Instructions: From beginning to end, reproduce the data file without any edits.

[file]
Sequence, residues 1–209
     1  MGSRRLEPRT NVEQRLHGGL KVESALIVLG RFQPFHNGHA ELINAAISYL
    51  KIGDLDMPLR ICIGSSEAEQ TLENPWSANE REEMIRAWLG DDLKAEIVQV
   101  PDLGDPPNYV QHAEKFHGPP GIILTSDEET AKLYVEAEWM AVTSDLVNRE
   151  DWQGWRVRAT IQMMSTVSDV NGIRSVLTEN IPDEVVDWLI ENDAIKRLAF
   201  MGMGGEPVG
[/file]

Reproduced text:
Sequence, residues 1–209
     1  MGSRRLEPRT NVEQRLHGGL KVESALIVLG RFQPFHNGHA ELINAAISYL
    51  KIGDLDMPLR ICIGSSEAEQ TLENPWSANE REEMIRAWLG DDLKAEIVQV
   101  PDLGDPPNYV QHAEKFHGPP GIILTSDEET AKLYVEAEWM AVTSDLVNRE
   151  DWQGWRVRAT IQMMSTVSDV NGIRSVLTEN IPDEVVDWLI ENDAIKRLAF
   201  MGMGGEPVG